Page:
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Changes in connectivity and hydrological efficiency following wildland fires in Sierra Madre Oriental, Mexico

Ortíz-Rodríguez, Azalea Judith, Muñoz-Robles, Carlos, Borselli, Lorenzo
The Science of the total environment 2019 v.655 pp. 112-128
aggregate stability, ecological restoration, fire severity, rainfall simulation, risk assessment, runoff, soil aggregates, topographic slope, vegetation, watershed hydrology, watershed management, wildfires, Mexico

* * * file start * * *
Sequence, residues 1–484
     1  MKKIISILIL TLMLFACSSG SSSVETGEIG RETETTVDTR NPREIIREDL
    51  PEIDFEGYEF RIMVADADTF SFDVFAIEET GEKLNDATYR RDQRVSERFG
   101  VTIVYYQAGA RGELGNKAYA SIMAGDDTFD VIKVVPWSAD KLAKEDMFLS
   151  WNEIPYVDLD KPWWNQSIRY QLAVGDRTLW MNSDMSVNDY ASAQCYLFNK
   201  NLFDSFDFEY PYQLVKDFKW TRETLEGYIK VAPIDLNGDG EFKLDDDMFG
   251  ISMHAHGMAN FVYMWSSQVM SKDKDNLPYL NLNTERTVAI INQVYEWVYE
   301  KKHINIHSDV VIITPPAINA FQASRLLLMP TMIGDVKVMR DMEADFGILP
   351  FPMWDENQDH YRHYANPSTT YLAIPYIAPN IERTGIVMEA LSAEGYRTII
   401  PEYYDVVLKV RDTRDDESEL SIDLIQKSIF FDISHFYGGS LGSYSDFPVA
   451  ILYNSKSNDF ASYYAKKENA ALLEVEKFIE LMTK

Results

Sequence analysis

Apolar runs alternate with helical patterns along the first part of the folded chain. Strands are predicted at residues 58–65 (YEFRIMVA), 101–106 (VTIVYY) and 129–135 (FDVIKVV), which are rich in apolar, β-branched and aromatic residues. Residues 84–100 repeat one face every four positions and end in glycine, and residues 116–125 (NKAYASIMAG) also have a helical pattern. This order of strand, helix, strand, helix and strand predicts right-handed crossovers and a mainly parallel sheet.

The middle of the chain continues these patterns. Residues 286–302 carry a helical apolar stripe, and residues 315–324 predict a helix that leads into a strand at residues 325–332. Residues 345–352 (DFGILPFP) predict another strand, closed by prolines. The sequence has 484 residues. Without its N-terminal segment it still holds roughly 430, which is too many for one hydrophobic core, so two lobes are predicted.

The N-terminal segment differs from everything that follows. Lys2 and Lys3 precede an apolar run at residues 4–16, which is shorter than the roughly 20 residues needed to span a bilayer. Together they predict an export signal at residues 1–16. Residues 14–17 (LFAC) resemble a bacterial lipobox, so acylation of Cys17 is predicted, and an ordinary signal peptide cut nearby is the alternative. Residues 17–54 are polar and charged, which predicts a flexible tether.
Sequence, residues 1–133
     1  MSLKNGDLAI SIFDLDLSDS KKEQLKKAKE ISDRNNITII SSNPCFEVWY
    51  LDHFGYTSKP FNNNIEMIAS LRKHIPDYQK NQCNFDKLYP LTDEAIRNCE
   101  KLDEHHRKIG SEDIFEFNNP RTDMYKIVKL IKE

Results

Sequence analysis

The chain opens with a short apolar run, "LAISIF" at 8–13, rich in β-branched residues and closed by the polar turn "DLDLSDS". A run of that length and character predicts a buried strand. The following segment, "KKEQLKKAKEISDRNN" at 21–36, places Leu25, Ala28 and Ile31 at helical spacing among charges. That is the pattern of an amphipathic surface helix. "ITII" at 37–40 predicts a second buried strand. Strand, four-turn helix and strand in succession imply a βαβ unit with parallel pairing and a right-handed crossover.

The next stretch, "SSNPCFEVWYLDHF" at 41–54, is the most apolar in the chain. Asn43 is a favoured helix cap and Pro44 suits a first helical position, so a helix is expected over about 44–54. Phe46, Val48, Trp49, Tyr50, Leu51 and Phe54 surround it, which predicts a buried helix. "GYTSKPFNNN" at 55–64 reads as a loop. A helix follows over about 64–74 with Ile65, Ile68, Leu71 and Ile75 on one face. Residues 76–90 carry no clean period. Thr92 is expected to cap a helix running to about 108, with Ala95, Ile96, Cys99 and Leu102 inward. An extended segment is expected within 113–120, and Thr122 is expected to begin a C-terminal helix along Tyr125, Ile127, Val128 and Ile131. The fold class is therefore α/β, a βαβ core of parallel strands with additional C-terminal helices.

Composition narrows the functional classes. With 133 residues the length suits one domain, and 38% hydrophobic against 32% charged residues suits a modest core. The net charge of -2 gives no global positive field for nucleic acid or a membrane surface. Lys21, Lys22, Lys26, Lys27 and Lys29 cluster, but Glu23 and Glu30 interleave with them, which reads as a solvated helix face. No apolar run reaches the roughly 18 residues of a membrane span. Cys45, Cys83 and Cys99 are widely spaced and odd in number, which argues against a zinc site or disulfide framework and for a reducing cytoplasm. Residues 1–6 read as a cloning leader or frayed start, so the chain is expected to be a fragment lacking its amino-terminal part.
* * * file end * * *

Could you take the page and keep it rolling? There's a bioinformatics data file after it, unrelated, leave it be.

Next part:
Fire modifies soil surface, and hence soil hydrological properties change after wildland fires. High fire severity causes partial or total removal of vegetation, reduction of soil aggregate stability and increased water repellency, which are associated with high runoff and erosion. The spatial connection among these runoff sources is an important factor to consider when evaluating fire-induced changes on hillslope and catchment hydrology, as fire generates connected areas of bare soil, which may increase hydrological connectivity and hence post-fire runoff and erosion. The aim of this study was to quantify changes in hydrological connectivity and efficiency in two burned areas in central Mexico. By integrating rainfall simulation and spatial analysis, an index of connectivity (IC) and the lateral hydrological efficiency index (LHEI) were computed based on land/cover use, fire severity and topography within 287 burned sub-basins. Post-fire IC and LHEI were compared with the pre-fire scenario, and the relationship between LHEI and the proportion of burned area was assessed at the sub-basin level. Thresholds of the burned area per fire severity needed to increase LHEI were determined by a classification tree. The index of connectivity and LHEI were higher after wildland fires. The burned area was positively related with LHEI, and at least 43.3% of area burned with high severity is sufficient to produce the highest LHEI. The results are evidence of the effect of fire on hydrological connectivity and efficiency which adds to the understanding of fire–hydrology relations and can be used for integrated catchment management, ecological restoration and risk assessment.